With the average development, licensing and regulatory-cycle for a medicine taking in excess of twelve-years, proposed medicines’ launch dates are inevitably uncertain – whether through welcome acceleration, unfortunate delays or catastrophic termination during the clinical trial phase.
On announcing the New Treatment Fund in 2017, the Cabinet Secretary for Health and Social Care in Wales, Vaughan Gething AM, challenged the pharmaceutical industry to support improved horizon scanning by NHS Wales, especially to identify where infrastructure and/or service reconfiguration may be required to support the introduction of a new medicine.
As ABPI Cymru Wales, we responded to this challenge by improving our understanding of the current horizon scanning processes in Wales, collaborating across Industry and the wider health sector to identify good practice approaches.
In 2017, we invited our European colleagues from EFPIA to participate at the Welsh NHS Confederation Conference and the Bevan Commission Annual Conference, where they outlined the challenges faced across Europe in long-term horizon scanning and opportunities, from early identification of transformative treatments in a number of disease areas, including Alzheimer’s and cancers.
However, we also recognised the need for a non-partisan view of horizon scanning and planning needs and, following earlier work undertaken in 2014 and 2016, the ABPI re-commissioned the Welsh Institute for Health and Social Care (WIHSC), University of South Wales to explore the issues around horizon scanning in Wales and elsewhere.
WIHSC focussed their work on understanding how different nations undertake horizon scanning, through individual interviews and a workshop, where the approaches were considered through the eyes of NHS Wales, Welsh Government, the All Wales Toxicology and Therapeutics Centre (AWTTC) – the secretariat to the All Wales Medicines Strategy Group (AWMSG) - and ABPI member companies.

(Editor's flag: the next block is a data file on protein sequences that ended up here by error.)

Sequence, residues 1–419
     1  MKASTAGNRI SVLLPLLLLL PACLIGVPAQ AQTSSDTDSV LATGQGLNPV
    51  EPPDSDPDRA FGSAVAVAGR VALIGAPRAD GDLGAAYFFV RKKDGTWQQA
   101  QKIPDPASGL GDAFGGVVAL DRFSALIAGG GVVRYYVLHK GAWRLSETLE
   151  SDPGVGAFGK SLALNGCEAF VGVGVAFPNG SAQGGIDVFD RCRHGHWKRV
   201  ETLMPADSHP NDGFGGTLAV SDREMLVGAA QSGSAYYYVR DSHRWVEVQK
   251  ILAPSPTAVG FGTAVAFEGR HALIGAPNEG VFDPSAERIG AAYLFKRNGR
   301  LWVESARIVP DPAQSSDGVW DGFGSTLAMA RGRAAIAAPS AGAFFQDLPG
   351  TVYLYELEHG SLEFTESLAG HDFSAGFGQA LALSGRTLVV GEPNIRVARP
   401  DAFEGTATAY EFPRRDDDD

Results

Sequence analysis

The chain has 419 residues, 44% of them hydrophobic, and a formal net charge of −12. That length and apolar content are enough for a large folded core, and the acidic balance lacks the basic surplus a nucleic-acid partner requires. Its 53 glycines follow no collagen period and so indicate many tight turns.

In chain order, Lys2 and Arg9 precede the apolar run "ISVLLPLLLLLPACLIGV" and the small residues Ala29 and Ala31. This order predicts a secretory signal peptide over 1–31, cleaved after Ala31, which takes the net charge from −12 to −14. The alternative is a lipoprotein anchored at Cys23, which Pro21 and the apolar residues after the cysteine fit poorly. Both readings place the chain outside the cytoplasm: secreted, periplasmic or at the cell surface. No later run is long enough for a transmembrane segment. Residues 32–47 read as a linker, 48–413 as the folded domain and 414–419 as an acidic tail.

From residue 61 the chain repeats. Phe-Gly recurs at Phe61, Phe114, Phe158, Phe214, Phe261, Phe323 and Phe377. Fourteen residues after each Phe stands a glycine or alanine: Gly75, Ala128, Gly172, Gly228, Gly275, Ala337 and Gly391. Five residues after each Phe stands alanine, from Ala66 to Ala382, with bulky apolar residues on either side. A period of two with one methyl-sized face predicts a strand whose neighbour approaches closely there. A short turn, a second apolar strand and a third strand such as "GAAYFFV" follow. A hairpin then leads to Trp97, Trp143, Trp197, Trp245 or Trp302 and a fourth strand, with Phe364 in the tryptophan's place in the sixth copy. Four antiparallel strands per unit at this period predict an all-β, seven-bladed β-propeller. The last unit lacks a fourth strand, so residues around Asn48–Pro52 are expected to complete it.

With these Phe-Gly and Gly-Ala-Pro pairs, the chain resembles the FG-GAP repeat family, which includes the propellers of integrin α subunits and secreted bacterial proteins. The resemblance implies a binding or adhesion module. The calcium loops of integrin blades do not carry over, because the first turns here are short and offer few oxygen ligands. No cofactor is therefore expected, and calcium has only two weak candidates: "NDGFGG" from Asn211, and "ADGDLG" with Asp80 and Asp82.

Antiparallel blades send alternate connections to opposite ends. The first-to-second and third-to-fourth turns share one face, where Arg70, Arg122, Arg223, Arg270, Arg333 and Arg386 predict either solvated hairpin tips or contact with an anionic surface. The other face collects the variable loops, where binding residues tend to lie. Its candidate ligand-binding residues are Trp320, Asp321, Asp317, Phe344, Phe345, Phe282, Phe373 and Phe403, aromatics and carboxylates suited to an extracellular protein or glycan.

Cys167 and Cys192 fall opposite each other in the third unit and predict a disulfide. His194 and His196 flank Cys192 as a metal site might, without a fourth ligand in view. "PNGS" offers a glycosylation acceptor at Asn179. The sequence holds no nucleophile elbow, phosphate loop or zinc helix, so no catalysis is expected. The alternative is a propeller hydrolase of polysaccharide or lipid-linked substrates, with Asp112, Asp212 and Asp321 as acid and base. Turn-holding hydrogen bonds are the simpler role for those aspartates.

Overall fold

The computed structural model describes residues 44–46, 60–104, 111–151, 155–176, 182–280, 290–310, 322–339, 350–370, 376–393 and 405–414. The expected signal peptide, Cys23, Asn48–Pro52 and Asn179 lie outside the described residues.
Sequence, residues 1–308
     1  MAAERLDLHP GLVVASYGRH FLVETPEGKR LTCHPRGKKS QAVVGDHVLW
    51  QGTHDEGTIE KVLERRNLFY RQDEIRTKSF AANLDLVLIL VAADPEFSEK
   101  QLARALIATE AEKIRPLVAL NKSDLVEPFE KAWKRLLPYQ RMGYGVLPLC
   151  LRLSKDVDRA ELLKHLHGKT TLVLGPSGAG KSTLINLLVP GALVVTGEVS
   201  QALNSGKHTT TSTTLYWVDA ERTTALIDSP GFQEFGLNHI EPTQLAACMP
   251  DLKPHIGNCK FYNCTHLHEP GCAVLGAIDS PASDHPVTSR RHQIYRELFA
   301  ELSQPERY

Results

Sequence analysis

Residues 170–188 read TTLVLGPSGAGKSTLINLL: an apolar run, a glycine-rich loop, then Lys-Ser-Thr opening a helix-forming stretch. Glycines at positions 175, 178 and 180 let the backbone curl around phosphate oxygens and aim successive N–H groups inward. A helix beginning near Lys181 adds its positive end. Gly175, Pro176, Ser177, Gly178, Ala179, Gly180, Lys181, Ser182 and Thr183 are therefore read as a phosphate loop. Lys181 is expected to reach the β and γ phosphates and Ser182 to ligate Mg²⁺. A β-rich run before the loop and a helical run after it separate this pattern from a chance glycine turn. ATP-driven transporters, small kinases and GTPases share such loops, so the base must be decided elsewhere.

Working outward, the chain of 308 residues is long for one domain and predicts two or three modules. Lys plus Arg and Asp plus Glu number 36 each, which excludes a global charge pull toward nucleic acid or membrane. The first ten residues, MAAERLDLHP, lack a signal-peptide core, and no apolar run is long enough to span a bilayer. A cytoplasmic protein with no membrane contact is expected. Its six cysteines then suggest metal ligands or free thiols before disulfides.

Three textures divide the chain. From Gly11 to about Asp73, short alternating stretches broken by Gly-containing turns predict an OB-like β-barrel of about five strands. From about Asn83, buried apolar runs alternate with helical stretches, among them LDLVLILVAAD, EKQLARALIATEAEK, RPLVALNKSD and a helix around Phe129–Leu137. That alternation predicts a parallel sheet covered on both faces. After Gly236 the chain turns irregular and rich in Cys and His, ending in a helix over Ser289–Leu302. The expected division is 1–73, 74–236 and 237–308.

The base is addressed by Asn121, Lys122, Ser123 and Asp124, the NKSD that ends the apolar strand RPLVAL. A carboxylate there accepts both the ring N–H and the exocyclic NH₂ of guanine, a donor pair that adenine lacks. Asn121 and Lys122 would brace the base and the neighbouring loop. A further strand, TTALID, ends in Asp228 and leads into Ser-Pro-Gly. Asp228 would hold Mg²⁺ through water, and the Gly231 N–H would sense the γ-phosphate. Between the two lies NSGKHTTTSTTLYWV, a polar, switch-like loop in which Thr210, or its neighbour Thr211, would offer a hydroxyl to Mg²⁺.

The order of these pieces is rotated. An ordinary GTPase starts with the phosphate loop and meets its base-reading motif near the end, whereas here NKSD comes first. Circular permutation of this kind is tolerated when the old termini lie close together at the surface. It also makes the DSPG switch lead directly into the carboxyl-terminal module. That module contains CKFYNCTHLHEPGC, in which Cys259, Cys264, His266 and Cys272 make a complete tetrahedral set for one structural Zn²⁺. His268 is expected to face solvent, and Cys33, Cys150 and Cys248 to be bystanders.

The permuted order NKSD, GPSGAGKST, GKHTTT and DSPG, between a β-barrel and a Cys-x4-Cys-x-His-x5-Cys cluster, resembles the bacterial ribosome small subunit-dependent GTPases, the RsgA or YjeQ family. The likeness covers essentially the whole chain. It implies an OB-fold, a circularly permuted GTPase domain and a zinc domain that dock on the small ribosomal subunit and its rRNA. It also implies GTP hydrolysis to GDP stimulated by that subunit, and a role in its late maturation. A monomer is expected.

All participants were clearly committed to improving horizon scanning in order to more effectively anticipate the arrival of new medicines – and clearly identify those, which may enable new approaches to care, change patient pathways or have significant resource implications.
A new report from WIHSC captures potential individual contributions from the quartet of stakeholders, but usefully also captures the clear benefits if horizon scanning contributions and approaches are co-ordinated and developed collaboratively.
WIHSC suggests that the development of a Wales Advanced Notification (WAN) process could be such a collaboration project – ensuring an approach to horizon scanning which is “Once for Wales”, but sits usefully alongside other UK wide approaches such as UK PharmaScan.
It is clearly important that all stakeholders continue to work collaboratively on this topic to ensure that patients across Wales benefit from access to new, innovative medicines in a planned and timely fashion. We’re inviting everyone, from NHS Wales, the Welsh Government and patient organisations, to ABPI members and other companies in the pharmaceutical industry, to get involved. For more information, contact ABPI Wales.